The Golden Eagles would go on to win the national championship over North Carolina, and McGuire traipsed into the sunset and into a legendary broadcasting career.
13. Jermaine Wallace (2006: Northwestern State vs. Iowa, First Round)
This just in: 2006 was a very good season to be a college basketball fan—especially on the first weekend. Great finishes were seemingly happening every minute, to the point where fans may have self-combusted if live-streaming capabilities were up and running seven years ago.
While it's hard to pick just one great finish to be the best that season, one has a hard time choosing against Jermaine Wallace carrying his team as time expired. Not only did Wallace track down the rebound with his No. 14 seed Northwestern State squad down 63-61, but he also took a near-impossible contested three and drained it.
The Northwestern State victory sent the third-seeded Iowa Hawkeyes packing and gave the Demons their only NCAA tournament win to date.
12. Christian Laettner (1990: Duke vs. UConn, Regional Final)
When folks try to make the case for Christian Laettner as the best college basketball player of the past half-century, this is the moment those backers emphasize.
With Duke down 78-77 with 2.6 seconds remaining, Laettner was seemingly a secondary option on the play. He was inbounding the ball, and the shot looked like it would go elsewhere—that is until Connecticut decided not to guard Laettner after the pass. The star forward almost instantly received the ball back after his inbounds pass, took a dribble and a step forward inside the three-point arc and fired an 18-footer as time expired to give Duke a victory.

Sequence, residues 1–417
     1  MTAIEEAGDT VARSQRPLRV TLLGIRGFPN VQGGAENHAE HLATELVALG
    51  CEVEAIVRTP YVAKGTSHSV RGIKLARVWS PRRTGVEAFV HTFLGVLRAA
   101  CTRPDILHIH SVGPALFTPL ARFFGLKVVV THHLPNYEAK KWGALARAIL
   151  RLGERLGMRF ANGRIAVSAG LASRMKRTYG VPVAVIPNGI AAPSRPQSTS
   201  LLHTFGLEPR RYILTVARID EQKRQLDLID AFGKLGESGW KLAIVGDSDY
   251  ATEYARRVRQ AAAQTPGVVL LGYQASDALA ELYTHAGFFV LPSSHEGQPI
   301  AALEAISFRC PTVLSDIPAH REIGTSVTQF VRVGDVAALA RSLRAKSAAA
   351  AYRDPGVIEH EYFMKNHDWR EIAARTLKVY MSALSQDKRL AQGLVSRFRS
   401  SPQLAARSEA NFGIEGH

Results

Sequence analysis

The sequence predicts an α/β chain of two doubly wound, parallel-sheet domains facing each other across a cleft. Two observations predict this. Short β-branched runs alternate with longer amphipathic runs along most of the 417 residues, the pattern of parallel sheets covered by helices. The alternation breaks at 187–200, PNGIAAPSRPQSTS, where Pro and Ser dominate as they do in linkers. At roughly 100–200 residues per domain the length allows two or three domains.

Though the Blue Devils would later lose to UNLV in the national championship game, that shot helped cement Laettner's legacy in Durham. Methinks Mr. Laettner may see his name come up again in the buzzer-beater discussion in the near future as well.
11. Mike Miller (2000: Florida vs. Butler, First Round)
Missed free throws. They seem so inexcusable on the surface, yet every season we see at least one team's national championship journey end because of them.
Though the 2000 Butler Bulldogs likely weren't a title contender, their missed free throws did ultimately shift the entire paradigm of that Big Dance.
The 12th-seeded Bulldogs' miss down the stretch gave their first-round opponent, No. 5 seed Florida Gators, an opportunity to win with a two-point basket rather than a three.
And with a beautiful Mike Miller drive right into the heart of Butler's defense, that's exactly what the Gators did. Miller barreled his way into the lane, throwing up an up-and-under shot as time expired and he was falling down to give Florida a 69-68 victory.
It was a win that would spark Florida's national championship game run in school history. The Gators lost that contest handily to Michigan State, but without missed free throws and Miller's heroics, they wouldn't have been there in the first place.
10. Scottie Reynolds: (2009: Villanova vs. Pittsburgh, Regional Final)
There is no other way to describe Scottie Reynolds' game-winning drive in 2009 other than "special."
With third-seeded Villanova tied at 76-76 with Pittsburgh in their Elite Eight matchup, Reynolds took a designed handoff from a little behind the midcourt line and drove his way right into the Panthers defense.